A bill that would allow people without EMT training to drive ambulances in rural areas wouldn’t impact Riley County if passed.
The proposal before the Kansas Legislature is intended as a way to alleviate shortages of ambulance workers to perform hospital transfers in Western Kansas counties — which often take multiple travel hours. One medically trained person would still be required to be on board during transfers, according to Riley County EMS Director David Adams.
“And they’re hoping that, through this legislation, they can reduce the number of certified staff so they can more easily facilitate these transfers,” says Adams.
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Adams says the bill’s language needs multiple edits before they could consider supporting it.
“For one, it states that they could do this on stable patients for transfers,” Adams says. “But they don’t really define what a stable patient is.”
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Adams along with Riley County Commissioner John Ford agree that whichever way the vote goes, the bill won’t really apply to getting more ambulance coverage in Northern Riley County.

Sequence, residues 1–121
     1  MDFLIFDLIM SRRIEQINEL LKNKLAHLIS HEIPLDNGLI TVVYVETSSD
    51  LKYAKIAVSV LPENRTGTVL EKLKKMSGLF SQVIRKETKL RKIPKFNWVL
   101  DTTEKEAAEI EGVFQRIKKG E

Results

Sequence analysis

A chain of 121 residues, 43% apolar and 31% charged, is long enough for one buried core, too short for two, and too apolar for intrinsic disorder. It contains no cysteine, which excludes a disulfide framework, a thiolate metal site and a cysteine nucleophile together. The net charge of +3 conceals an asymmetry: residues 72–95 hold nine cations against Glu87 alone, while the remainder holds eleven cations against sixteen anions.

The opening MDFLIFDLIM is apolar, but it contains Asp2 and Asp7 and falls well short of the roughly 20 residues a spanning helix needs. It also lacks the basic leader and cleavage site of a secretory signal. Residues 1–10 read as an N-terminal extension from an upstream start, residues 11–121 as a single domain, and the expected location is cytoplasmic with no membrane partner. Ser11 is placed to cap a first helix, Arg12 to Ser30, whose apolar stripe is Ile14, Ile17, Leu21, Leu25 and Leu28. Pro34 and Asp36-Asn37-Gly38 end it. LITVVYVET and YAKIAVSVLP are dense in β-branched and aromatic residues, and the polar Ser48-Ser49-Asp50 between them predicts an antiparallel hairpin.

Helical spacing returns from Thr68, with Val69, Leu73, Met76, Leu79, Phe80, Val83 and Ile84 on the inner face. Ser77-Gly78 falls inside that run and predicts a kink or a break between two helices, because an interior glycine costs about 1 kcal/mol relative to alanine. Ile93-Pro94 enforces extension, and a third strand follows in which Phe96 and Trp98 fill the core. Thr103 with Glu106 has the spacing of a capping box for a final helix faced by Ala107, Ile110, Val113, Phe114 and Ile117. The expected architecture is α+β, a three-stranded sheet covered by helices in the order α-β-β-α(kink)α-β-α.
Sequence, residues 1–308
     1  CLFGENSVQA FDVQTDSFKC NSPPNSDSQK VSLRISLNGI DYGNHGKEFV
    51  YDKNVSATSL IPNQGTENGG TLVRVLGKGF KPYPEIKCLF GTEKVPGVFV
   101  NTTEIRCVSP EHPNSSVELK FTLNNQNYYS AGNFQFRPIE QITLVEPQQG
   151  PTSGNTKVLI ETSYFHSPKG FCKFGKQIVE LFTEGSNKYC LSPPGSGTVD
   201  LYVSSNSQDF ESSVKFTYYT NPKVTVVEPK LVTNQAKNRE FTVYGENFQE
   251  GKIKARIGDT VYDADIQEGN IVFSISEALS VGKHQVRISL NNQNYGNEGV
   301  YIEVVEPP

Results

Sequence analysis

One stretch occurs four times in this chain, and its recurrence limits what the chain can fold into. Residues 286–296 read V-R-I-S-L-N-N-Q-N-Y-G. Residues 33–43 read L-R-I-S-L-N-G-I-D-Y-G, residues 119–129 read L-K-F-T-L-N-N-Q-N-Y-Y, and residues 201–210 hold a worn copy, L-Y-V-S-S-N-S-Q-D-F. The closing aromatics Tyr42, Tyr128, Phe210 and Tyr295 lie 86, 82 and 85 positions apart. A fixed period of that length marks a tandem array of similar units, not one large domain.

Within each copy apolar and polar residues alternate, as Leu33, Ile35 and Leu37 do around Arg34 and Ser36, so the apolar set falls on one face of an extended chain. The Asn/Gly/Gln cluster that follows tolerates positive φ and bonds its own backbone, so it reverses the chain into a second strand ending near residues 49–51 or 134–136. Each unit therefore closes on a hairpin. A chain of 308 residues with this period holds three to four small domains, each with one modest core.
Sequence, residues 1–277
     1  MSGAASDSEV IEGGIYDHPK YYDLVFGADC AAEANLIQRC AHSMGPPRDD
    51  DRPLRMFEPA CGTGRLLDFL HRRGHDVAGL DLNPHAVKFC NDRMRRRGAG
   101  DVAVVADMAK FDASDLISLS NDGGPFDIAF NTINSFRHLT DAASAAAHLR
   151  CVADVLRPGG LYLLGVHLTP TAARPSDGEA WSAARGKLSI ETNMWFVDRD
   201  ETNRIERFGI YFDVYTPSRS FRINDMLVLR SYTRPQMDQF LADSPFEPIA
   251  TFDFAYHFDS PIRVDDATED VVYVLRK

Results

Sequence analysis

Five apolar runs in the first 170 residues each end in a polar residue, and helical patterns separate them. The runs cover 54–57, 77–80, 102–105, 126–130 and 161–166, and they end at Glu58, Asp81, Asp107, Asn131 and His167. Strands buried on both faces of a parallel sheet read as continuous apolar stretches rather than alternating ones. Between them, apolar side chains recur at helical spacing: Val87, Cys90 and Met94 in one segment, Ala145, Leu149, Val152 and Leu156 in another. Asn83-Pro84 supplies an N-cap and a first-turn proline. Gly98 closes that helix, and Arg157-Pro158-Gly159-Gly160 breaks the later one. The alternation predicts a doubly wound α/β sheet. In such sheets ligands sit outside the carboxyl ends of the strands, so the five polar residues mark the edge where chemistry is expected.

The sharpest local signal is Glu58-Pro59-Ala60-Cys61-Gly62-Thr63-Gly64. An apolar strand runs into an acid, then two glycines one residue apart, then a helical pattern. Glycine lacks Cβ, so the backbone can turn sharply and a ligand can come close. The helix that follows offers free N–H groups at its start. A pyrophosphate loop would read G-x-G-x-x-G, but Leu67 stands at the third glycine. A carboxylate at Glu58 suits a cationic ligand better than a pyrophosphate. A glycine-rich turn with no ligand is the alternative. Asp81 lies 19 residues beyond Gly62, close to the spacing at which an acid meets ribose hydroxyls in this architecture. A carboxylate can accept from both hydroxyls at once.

“We would still have to have a facility, it would still have to be manned 24 hours a day, it would just be the people that were on that particular rig going out to a particular incident — it might change that a little bit,” says Ford.
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Additionally, Ford raised some concerns about having an untrained driver on an ambulance — especially should an unexpected catastrophe take place.
“If something was to happen and you have somebody who is not properly trained [on board], there is a certain amount of liability in that,” Ford says.
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Ford also says he doesn’t expect it will make it through the legislature this session.

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